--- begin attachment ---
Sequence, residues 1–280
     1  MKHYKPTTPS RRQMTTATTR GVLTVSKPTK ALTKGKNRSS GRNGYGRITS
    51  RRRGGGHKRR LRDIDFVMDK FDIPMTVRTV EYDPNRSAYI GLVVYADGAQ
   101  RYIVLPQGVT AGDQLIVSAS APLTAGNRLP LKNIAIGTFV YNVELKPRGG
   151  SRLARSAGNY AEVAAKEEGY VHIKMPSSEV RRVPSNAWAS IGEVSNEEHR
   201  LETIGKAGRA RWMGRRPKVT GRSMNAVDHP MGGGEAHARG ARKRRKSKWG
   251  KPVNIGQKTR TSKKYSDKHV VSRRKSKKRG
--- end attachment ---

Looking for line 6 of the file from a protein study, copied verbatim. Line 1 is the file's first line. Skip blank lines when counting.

   201  LETIGKAGRA RWMGRRPKVT GRSMNAVDHP MGGGEAHARG ARKRRKSKWG